“How did you go bankrupt?” Bill asks in Hemingway’s The Sun Also Rises. “Two ways,” Mike responds. “Gradually, then suddenly.”
What’s true of personal finance is true of political power, particularly that of autocrats. Their grip can loosen gradually, then end suddenly. Romania’s Nicolae Ceausescu ruled for 24 years, then was captured and killed in late 1989 after two weeks of demonstrations. Tunisia’s Zine Ben Ali also ruled for 24 years, then fled in early 2011 after a month of demonstrations that triggered the Arab Spring.
That brings us to Vladimir Putin, the former KGB officer who has ruled Russia for more than two decades and has increasingly cracked down on political opponents, independent media, civil society, and the internet – leaving average Russians to get their news largely from state-run media that puppets the Kremlin’s message.
At home and abroad, Putin is facing mounting opposition over his invasion of Ukraine, particularly in the face of battlefield losses that have cost Russia 70,000 to 80,000 casualties, 3,500 square miles of territory in Ukraine’s northeast that it previously controlled, and more than 6,200 vehicles and other military equipment.
Now, Ukrainian forces are advancing in the Donbas, the eastern region that is home to Russian-backed separatists and was the main target of Putin’s invasion. The desperate call by pro-Russian officials in the Donbas for Russia to annex their territory reflects fears that Ukraine will recapture it.
In an era of growing “illiberal democracy” – in Russia and Central Europe, in India and the Global South, and elsewhere – populations are trading political liberty for the promise of economic prosperity, social stability, and (in the case of Russia) national glory. For the leaders of those nations, political threats arise when promises aren’t realized.
No one knows when an autocratic leader will fall, or whether the fall will come from a grassroots revolution or a top-level coup. Nor is anyone predicting Putin’s imminent demise, even as global sanctions over the war bite harder on Russia’s economy and more Russians come to learn the reality of military setbacks. But as in Romania and Tunisia, an entrenched leader can soon become an ousted one – and the coming days could determine whether Putin faces such peril.
At home, opposition is coming from a number of directions. Right-wing forces that normally back Putin and view Ukraine as an inherent part of Russia are calling on him to use more military force and impose a national draft, while left-wing opponents are seeking a speedy withdrawal.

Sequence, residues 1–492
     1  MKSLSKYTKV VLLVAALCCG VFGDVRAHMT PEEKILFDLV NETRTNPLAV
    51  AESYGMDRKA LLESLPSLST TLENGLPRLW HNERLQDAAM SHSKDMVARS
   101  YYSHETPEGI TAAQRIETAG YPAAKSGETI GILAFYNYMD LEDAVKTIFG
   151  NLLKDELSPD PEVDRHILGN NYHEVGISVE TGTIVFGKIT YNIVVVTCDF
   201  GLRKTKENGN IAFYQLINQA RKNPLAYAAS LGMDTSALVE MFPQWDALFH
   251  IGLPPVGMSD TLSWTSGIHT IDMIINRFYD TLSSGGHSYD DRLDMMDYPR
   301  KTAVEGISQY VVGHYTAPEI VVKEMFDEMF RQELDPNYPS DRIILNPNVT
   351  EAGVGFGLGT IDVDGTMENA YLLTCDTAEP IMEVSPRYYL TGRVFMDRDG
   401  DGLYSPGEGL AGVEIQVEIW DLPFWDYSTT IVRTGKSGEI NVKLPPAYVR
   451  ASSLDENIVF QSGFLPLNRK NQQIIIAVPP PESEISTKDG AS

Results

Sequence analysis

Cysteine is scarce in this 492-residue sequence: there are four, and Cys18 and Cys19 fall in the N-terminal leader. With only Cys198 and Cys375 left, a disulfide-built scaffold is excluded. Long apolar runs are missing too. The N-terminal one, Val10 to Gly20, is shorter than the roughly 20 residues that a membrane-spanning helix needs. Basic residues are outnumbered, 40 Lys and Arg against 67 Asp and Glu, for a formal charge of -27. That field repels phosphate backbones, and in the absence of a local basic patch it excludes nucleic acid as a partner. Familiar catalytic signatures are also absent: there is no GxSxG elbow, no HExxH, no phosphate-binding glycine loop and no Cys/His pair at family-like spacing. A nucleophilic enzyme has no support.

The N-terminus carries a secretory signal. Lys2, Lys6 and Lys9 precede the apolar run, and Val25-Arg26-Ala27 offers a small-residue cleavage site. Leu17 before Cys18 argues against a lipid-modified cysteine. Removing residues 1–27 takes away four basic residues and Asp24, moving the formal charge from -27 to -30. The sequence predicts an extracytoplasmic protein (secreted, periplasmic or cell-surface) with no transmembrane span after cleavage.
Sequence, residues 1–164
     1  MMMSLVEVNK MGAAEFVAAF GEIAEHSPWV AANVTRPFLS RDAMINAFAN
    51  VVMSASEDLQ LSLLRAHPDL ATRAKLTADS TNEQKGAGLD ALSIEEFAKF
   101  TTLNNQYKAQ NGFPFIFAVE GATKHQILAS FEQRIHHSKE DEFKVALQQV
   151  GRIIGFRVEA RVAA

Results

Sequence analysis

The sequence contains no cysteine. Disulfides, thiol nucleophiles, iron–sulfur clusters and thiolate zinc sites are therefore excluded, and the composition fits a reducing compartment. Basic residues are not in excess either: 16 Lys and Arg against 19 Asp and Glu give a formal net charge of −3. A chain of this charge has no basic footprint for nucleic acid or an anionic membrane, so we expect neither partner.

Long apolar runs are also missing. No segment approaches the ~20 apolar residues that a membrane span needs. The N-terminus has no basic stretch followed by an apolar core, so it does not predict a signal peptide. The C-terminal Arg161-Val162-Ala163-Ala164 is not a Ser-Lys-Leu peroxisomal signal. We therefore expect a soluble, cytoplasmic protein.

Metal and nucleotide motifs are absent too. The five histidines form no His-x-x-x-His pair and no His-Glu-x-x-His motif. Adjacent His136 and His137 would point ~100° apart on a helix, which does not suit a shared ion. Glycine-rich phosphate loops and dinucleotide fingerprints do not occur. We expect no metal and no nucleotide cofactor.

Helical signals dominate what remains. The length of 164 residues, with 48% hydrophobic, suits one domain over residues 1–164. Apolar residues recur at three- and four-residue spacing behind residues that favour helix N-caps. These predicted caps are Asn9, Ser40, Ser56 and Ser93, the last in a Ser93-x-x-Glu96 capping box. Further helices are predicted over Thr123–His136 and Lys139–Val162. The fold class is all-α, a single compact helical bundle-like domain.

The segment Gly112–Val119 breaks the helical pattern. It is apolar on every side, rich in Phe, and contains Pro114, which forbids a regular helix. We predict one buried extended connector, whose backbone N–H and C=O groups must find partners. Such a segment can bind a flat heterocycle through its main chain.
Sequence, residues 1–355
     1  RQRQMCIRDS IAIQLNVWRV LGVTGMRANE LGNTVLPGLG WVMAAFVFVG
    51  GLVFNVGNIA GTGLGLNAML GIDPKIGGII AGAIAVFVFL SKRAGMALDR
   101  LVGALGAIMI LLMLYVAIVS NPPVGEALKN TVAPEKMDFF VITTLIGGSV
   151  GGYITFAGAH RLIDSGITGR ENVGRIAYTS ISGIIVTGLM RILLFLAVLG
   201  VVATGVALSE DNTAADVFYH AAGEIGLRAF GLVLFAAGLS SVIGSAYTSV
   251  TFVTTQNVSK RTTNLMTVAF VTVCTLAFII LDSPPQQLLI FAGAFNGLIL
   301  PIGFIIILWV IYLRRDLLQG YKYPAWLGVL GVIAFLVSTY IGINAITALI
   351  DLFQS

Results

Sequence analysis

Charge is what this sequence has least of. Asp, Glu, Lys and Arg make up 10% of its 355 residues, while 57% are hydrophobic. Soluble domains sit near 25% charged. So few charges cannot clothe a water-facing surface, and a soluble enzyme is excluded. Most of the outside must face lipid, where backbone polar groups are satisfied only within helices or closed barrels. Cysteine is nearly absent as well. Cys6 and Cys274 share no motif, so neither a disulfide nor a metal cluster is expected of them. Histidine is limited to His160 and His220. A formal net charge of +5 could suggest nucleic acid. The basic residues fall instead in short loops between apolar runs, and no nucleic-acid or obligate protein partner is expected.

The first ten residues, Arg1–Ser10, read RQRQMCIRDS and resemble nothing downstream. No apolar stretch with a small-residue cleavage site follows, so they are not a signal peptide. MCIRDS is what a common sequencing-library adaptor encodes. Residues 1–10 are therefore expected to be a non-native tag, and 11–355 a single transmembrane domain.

In recent days, several local elected officials sent a letter to Russia’s Duma to demand that Putin be removed and tried for treason, while more than 100 other local officials reportedly signed a petition to demand that Putin resign over the war.
Even on state-owned TV, lawmakers and pundits are debating what went wrong and how to address it. On a recent day on NTV, a municipal lawmaker said that Russia can’t win and should seek negotiations, and a university lecturer suggested that Ukraine was more powerful than Russia realized. A Duma member pushed back, saying Russia needed to destroy Ukraine’s military infrastructure.
This airing of grievances in these different forms is particularly striking in light of a new censorship law, which Putin signed in March, that subjects those who discredit Russia’s armed forces or spread “false information” about it to years in prison; the writer and opposition politician Vladimir Kara-Murza has been imprisoned for speaking out. Thus, the ongoing public criticism may be a sign that, as often occurs with protests in authoritarian societies, the bravery of one person to speak out inspires that of others.
Abroad, Putin’s most important global partners are criticizing his war efforts, leaving him further isolated around the world and further weakening him at home. China’s Xi Jinping raised “concerns and questions” privately with Putin when they met at the Shanghai Cooperation Organization summit in Uzbekistan in mid-September, and India’s Narendra Modi criticized him publicly a day later.
To be sure, even the most unpopular autocrats can hang on for long time. Venezuela’s Nicolas Maduro maintains power at a time of economic collapse and social chaos, while Iranian Supreme Leader Ali Khamenei continues to withstand large public protests over economic corruption and political constraint.
Nevertheless, Putin finds himself in a dangerous place. He must decide whether to let the public debate continue and the opposition to mount, or run the risk of cracking down and triggering a reaction that could truly threaten his rule.
“It must be underlined that this criticism should not go overboard,” a senior parliamentarian in Putin’s United Russia party told the New York Times. “Otherwise, it could spark an uncontrollable reaction.”
Indeed, it could.
Lawrence J. Haas, a former senior White House official and award-winning journalist, is Senior Fellow for U.S. Foreign Policy at the American Foreign Policy Council. Haas writes widely on foreign affairs, is quoted often in newspapers and magazines, and appears frequently on TV and radio. At the White House, he was Communications Director for Vice President Al Gore and, before that, for the Office of Management and Budget.